Former Sunday Times journalist Katharine Hibbert set up the award-winning enterprise ‘Dot Dot Dot’, which is now acknowledged as an ingenious idea that turns unused buildings into affordable places to live for those who dedicate their lives to voluntary work. Dot Dot Dot stands for property guardianship done in a way which serves the interests of property owners, property guardians and local communities, with their commitment to making communities safer and stronger.
Katharine founded the enterprise in 2011 after writing a book called Free: ‘Adventures On The Margins Of A Wasteful Society’, which covers topics around the amount of waste the UK generates, giving example that empty Property is a large proportion of this.
The aims are to cut numbers of homelessness and people living in poverty by using the concept of property guardianship and offering these places for a third below local market rent to people who will give back and benefit the community, in conclusion stopping the likes of squatters, vandalism and further crime within areas of the UK.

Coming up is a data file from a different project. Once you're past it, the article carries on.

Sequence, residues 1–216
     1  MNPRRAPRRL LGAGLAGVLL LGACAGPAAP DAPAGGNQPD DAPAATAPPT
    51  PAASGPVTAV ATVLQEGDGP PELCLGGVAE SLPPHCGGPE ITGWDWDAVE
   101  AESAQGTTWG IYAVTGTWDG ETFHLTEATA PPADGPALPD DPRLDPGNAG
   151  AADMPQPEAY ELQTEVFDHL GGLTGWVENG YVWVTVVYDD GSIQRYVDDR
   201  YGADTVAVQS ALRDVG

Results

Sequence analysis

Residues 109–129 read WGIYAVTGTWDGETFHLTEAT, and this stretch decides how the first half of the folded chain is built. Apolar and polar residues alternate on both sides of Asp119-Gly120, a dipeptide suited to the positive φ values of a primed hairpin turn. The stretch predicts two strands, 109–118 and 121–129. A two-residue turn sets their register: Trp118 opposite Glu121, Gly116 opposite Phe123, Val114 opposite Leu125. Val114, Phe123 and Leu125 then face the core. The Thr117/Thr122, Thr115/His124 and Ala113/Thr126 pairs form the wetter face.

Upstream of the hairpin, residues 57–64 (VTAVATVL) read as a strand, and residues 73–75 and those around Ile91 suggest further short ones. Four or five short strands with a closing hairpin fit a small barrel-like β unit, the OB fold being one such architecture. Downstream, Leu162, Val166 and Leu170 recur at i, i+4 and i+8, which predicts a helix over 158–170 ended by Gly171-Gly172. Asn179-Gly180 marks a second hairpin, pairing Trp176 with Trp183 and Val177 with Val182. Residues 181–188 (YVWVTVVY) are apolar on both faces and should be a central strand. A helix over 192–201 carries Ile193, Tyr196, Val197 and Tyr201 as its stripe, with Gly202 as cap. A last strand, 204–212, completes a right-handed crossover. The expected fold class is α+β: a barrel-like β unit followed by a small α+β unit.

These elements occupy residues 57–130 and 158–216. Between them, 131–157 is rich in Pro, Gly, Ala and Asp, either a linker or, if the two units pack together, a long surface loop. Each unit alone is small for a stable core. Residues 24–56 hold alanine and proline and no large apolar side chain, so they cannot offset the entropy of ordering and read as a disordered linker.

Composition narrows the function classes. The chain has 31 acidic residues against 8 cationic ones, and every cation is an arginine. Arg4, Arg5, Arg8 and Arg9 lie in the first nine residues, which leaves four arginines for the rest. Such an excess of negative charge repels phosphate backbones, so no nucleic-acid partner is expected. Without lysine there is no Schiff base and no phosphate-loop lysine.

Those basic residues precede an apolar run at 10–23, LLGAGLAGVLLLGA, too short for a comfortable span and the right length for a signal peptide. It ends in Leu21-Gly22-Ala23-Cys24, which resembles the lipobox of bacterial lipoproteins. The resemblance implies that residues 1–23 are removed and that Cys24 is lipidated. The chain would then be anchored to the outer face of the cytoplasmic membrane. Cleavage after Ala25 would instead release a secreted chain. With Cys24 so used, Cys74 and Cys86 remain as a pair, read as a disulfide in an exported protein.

The concept of property guardianship started in the Netherlands in the mid 1990s, when a security company introduced it as a way to prevent squatters. Katharine didn’t just see Dot Dot Dot as a way to protect properties, but to improve ones lifestyle/situation by giving them a little support and guidance whilst utilising what is seen as an inconvenience to many property owners around the UK, as they wait for long term planning permission etc.
Katharine explained, “Everyone was just looking at it as a security solution, but if you give someone a place to live below market rent, you can completely transform what they do with their life,” she says. “I personally think a pretty good ambition is to get through life in the most decent way possible. And to try to be kind to people, and give time to causes to help others, and volunteering,”
The first property that Dot Dot Dot offered was a four-bedroom house in north-west London that was set to be empty for six weeks. Dot Dot Dot are already housing hundreds of people, and supporting them to give tens of thousands of hours of voluntary effort to good causes. Katharine explains “there is potential to do so much more with the firm and that in doing so will increase safer and stronger communities”
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